Cultural diversity can open gates for development
ISLAMABAD cultural diversity is a valuable resource through which the country can open up ways for economic development. This was consented by antiquarians, historians and archaeologists on Friday at an event marking World Day for Cultural Diversity at the Quaid-i-Azam University (QAU)Taxila Institute of Asian Civilisations (TIAC).The “Annual Heritage Forum 2016” was organised by Silk Road Centre in collaboration with TIAC and Institute of Peace and Diplomatic Studies. The forum was organised to highlight the historical and cultural significance of Buddhist heritage of Pakistan.
Speakers were of the view that there was no doubt that the China-Pakistan Economic Corridor was significant for millions of people, but noted that there were many other routes which could be converted into economic corridors.
Foreign Ministry Special Secretary Muhammad Waheedul Hasan said there was a large gap between national development policy and cultural heritage of the country which needed to be bridged to achieve economic goals.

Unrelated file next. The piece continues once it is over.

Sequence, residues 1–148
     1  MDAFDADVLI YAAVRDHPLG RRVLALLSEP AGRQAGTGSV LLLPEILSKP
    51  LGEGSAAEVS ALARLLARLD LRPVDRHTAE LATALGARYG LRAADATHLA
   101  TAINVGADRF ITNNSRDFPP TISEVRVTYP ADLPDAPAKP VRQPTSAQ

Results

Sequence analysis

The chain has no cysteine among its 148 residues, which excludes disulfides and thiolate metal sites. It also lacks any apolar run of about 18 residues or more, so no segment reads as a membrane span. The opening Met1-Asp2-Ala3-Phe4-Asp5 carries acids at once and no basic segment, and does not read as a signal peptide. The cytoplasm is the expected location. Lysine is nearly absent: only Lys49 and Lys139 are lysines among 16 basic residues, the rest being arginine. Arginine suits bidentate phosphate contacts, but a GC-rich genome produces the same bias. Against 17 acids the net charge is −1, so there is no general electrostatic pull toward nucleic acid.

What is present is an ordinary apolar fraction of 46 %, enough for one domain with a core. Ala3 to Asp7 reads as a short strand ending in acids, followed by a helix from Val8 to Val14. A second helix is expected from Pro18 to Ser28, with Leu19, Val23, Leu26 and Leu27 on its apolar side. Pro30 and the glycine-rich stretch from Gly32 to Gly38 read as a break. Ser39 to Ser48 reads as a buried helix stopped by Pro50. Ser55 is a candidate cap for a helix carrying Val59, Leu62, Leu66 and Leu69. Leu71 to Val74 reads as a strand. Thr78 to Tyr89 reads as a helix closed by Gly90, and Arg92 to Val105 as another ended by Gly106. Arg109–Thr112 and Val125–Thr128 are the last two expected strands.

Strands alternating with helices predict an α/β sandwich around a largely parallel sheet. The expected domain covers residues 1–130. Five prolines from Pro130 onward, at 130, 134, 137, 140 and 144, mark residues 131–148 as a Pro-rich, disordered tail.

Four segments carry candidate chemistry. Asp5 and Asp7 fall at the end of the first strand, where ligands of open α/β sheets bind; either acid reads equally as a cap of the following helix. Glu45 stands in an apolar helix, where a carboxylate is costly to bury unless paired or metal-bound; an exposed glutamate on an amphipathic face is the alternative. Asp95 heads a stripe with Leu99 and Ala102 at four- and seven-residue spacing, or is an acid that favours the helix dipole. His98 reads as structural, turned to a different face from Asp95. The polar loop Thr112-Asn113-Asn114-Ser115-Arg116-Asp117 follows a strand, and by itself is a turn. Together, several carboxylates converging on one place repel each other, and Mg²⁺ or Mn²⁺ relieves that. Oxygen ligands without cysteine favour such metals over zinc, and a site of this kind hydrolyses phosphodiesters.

American archaeologist Jonathan Mark Kenoyer, a noted expert on the Indus Valley Civilisation, stated that there were hundreds of heritage sites in Taxila needing urgent excavation and preservation.
Dr Muhammad Ashraf of TIAC said that Taxila had been crucial in terms of its diverse cultural history, adding that the historic sites were rediscovered in the 19th century. A large number of historians and archaeologists were attracted to the buried heritage of Buddhism and a plethora of literature on it was available today because of their hard work, he said.
QAU National Institute of Historical and Cultural Research In charge Dr Sajid Mahmood Awan asked why we are so apologetic about our cultural heritage. “For archaeologists, we are resistant people, for sociologists, we are pluralistic, and for social scientists, we are dynamic,” he added.
Frontier Works Organisation Public Relations Manager Husain Qazi said Pakistan will have to work hard towards preserving heritage sites which can play an important role in improving our GDP through heritage tourism. He said six of the country’s heritage sites were included in the UNESCO world heritage site list. Thousands of rock carvings in the Chilas valley rank among world’s largest “living heritage museums” and should be preserved, he added.